America, and Japanese-occupied Shanghai (which required no visas for entry). Jews who remained

under Nazi rule were either unwilling to uproot themselves or unable to obtain visas, sponsors in host

countries, or funds for emigration. Most foreign countries, including the United States, Canada,

Britain, and France, were unwilling to admit very large numbers of refugees.

1939–1945

On September 1, 1939, Germany invaded Poland and World War II began.Within weeks, the Polish

army was defeated, and the Nazis began their campaign to destroy Polish culture and enslave the

Polish people, whom they viewed as “subhuman.” Killing Polish leaders was the first step: German

soldiers carried out massacres of university professors, artists, writers, politicians, and many Catholic

priests.To create new living space for the “superior Germanic race,” large segments of the Polish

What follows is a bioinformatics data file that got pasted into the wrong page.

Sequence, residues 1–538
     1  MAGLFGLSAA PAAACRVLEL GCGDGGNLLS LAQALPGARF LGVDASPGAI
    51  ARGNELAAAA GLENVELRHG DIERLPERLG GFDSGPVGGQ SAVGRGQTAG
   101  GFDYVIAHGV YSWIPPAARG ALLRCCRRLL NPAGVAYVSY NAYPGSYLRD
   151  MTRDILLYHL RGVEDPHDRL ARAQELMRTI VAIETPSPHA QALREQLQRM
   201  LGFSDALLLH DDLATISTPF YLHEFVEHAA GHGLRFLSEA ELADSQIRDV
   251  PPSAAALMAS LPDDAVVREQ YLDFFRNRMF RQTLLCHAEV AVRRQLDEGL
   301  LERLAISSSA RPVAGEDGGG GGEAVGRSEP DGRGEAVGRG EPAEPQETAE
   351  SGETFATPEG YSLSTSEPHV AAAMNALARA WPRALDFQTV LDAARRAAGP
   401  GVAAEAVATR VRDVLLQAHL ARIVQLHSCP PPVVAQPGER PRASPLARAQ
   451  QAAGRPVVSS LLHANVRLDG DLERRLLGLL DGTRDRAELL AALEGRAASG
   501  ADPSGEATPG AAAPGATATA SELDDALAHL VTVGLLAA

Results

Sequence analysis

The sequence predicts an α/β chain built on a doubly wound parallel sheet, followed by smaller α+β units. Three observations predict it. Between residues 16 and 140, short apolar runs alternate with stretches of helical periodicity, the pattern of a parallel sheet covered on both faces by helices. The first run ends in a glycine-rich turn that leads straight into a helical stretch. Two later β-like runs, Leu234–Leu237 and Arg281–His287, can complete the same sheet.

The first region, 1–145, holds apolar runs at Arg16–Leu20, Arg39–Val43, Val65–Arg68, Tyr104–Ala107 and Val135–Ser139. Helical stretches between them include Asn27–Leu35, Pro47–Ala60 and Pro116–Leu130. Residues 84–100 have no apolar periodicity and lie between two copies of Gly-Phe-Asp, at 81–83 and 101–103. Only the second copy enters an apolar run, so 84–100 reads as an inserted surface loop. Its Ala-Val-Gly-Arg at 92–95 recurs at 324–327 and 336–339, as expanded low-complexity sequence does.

population were resettled, and German families moved into the emptied lands. Other Poles,

including many Jews,were imprisoned in concentration camps.The Nazis also “kidnapped” as many

as 50,000 “Aryan-looking” Polish children from their parents and took them to Germany to be

adopted by German families. Many of these children were later rejected as not capable of

Germanization and were sent to special children’s camps where some died of starvation, lethal injection,

and disease.

As the war began in 1939, Hitler initialed an order to kill institutionalized, handicapped patients

deemed “incurable.” Special commissions of physicians reviewed questionnaires filled out by all state